by Steven Ertelt
February 8, 2006
Canberra, Australia (LifeNews.com) — As the Australia parliament is set to vote on whether to legalize the dangerous RU 486 abortion drug, Australian Democrats leader Lyn Allison, who is the lead sponsor of the effort, admitted she has had an abortion before.
The Australia Senate will be voting on a bill that would shift the decision for legalizing the drug from pro-life Health Minister Tony Abbott to the Therapeutic Goods Administration. Abbot, after consulting with the nation’s top doctor, decided not to allow the drug, which has killed eight people worldwide, to be used.
Senators have already begun an emotional debate with some speaking from personal experience about how abortion has affected their lives.
Allison told parliament she had an abortion and government minister Nick Minchin admitted a former girlfriend aborted their child.
"An estimated one in three women have had an abortion and I am one of those," Allison told MPs.
Minchin told lawmakers, "I bring to this debate personal experience in that a former girlfriend of mine had an abortion when we were in a monogamous relationship, and I cannot divorce that experience in my life from this consideration."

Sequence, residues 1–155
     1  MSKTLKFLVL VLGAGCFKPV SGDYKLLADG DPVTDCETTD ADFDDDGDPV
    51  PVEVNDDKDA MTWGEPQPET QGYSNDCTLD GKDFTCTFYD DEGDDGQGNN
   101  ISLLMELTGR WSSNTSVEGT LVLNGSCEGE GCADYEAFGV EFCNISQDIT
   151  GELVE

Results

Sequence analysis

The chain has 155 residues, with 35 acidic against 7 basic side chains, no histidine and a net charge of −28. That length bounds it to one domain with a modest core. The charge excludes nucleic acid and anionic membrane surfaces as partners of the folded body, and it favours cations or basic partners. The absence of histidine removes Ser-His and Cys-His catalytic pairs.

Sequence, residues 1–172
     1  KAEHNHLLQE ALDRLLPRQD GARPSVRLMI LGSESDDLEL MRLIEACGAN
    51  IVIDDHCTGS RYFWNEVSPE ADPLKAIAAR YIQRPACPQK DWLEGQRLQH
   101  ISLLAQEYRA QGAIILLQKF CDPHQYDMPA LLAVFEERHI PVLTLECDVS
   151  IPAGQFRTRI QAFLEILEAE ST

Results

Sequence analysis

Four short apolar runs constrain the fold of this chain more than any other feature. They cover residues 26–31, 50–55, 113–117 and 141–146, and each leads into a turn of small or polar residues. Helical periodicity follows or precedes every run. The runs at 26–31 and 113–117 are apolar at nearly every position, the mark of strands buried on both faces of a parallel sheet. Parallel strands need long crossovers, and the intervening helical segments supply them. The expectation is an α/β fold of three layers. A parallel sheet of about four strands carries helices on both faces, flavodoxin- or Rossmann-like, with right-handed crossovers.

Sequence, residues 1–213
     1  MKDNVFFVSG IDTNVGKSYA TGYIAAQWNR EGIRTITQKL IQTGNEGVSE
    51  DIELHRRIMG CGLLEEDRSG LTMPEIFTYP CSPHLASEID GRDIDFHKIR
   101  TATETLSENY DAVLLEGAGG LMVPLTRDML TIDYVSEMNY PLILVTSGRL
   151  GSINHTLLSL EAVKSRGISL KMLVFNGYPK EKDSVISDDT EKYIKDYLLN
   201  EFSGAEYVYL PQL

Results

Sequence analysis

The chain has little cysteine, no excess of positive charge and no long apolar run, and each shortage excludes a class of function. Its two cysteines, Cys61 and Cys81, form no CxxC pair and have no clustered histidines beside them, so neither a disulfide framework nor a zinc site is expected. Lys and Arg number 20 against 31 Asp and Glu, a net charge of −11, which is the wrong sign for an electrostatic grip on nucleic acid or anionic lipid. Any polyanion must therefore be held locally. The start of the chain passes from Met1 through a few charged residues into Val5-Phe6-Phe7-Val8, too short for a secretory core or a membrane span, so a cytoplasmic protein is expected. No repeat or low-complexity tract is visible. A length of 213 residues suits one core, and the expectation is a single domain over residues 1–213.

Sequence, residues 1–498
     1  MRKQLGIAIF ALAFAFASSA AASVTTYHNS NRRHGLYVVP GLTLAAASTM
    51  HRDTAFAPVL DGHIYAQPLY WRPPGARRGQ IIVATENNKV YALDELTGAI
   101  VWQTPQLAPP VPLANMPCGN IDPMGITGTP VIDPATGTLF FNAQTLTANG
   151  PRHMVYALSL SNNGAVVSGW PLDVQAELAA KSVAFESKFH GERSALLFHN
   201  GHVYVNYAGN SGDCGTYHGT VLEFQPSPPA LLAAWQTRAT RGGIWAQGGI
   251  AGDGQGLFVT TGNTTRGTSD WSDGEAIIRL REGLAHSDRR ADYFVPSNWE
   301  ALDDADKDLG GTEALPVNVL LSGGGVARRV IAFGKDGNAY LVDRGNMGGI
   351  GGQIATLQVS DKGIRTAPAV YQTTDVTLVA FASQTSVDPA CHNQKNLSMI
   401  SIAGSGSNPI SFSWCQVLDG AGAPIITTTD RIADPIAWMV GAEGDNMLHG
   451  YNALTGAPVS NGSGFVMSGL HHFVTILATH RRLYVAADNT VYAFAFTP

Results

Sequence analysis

Because the vote is a conscience vote, and lawmakers will not be bound to vote the will of their parties, a Senate committee report on the matter did not recommend an up or down vote.
Meanwhile, Prime Minister John Howard has said he will not support the legislation, which is expected to pass. He said there was a good reason to leave the decision in Abbot’s hands.
"This is not an argument fundamentally about abortion," he explained. He said he didn’t want the decision on something so monument to be placed in the hands of people who are not accountable to voters.
His taking a position could affect how the parliament votes and there is some speculation the pro-abortion measure would win in the Senate but lose in the House.
Last night, two Liberal senators made last-minute changes to the bill which would effectively give parliament the last word on whether to legalize the abortion drug, meaning the TGA could disapprove of the drug’s use and it could still be made legal.